Veterinary Stem Cells and Veterinary Cell Based Therapeutics
Veterinary Stem Cells and Veterinary Regenerative Medicine:
Veterinary stem cells have been used for over a decade in veterinary medicine. Several veterinary stem cell companies offer stem cell processing services, whereby the veterinarian can send in a sample of tissue (adipose, bone marrow, etc.) and the veterinary stem cell company will process these samples to extract regenerative cells. However, in 2015, the FDA-CVM published a guidance for industry document indicating that veterinary cell based therapies are considered drugs, and therefore are subject to receiving a New Animal Drug Approval before marketing these products. Veterinary cell based therapies that are intended to regenerate tissue and alter the structure and function of the animal will likely be regulated by the Food and Drug Administration – Center for Veterinary Medicine. As such, these veterinary cell based therapies would be considered veterinary drugs. Certain companies have also developed in-house (bedside) equipment which can process autologous tissue to remove regenerative cells or create platelet rich plasma (PRP). These cells then can be administered back into the patient versus having to send the tissue out for processing.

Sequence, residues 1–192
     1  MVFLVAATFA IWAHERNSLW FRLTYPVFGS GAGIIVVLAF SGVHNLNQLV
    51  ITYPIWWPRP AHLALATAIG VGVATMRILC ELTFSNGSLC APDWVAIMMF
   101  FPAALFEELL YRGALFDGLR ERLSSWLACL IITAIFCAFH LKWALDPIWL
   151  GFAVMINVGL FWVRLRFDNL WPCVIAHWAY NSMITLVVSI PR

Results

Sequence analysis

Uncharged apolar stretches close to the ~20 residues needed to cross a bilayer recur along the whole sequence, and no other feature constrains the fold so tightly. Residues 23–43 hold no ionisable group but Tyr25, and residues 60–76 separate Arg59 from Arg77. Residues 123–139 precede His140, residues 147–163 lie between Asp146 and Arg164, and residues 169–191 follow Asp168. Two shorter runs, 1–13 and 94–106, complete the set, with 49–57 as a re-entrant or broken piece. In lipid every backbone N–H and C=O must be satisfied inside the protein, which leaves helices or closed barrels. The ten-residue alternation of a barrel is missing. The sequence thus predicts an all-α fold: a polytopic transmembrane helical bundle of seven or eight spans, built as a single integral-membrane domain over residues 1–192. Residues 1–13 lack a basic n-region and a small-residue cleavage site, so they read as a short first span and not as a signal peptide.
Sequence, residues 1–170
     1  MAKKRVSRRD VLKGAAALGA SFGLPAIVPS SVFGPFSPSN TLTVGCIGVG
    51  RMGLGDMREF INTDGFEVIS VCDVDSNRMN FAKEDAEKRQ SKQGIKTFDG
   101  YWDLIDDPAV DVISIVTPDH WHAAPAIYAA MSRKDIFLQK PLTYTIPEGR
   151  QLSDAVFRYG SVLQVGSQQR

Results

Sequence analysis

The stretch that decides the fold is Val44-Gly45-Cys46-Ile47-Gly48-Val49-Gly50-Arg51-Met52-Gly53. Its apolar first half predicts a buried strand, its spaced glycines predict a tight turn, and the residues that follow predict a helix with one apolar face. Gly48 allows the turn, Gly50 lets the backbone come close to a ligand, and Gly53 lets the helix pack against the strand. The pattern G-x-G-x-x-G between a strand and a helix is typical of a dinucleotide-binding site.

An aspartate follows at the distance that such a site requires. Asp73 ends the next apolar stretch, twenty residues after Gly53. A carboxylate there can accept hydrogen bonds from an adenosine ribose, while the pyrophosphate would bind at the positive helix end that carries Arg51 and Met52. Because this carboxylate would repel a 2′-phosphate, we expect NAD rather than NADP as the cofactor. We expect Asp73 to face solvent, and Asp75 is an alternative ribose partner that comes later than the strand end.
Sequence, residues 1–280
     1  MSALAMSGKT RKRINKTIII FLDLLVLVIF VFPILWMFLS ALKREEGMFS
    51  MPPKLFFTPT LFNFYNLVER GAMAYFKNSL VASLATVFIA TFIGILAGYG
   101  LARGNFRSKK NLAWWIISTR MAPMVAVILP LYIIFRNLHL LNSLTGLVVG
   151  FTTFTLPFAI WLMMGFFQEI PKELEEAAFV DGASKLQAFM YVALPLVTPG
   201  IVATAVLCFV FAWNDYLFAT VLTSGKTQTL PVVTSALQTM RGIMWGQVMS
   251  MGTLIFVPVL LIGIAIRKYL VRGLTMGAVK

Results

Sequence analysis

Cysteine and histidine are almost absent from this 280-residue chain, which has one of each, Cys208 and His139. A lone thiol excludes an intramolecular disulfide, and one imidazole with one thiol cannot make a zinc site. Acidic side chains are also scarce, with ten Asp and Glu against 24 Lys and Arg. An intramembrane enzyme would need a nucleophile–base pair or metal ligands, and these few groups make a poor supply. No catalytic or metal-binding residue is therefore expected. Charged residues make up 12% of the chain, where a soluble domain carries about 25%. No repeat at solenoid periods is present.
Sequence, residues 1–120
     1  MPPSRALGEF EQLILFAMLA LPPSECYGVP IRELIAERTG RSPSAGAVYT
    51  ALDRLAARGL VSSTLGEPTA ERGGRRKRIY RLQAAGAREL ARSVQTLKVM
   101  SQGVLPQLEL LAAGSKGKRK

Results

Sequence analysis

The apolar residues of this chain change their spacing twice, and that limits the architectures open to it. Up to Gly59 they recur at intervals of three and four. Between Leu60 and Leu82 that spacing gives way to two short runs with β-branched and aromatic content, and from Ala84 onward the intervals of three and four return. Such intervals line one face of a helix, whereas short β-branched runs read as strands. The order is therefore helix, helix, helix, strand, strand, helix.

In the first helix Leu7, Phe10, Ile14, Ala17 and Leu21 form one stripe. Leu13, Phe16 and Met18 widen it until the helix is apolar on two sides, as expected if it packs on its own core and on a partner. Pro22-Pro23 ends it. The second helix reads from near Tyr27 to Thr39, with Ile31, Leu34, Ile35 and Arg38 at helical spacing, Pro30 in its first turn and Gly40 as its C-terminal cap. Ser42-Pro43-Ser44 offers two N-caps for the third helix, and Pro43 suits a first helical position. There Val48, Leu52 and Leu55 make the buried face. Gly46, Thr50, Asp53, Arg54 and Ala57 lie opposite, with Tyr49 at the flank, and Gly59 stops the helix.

In 2015, the FDA-CVM published Guidance for Industry #218, providing guidance for companies and organizations which seek to study and develop veterinary cell based therapies. This document categorized the various forms (formats) by which autologous, allogenic, and xenogenic cells are categorized.
Veterinary Cell Based Therapies Considered Immunobiologics:
Veterinary cell based therapies that are intended to modulate the immune system may be regulated by the United States Department of Agriculture – Animal and Plant Health Inspection Service. Should the product’s primary mode of action be immune modulatory or stimulatory in nature, then by statutory definition these veterinary cell based products could be veterinary biologics and their development will fall under the purview of the United States Department of Agriculture – Center for Veterinary Biologics.
For instance, if a veterinary cell based product (macrophage cell line, lymphocyte cell line, CAR-T therapy, etc.) works by stimulating or modulating the adaptive immune response, then by definition this would be considered a veterinary immuno-biologic.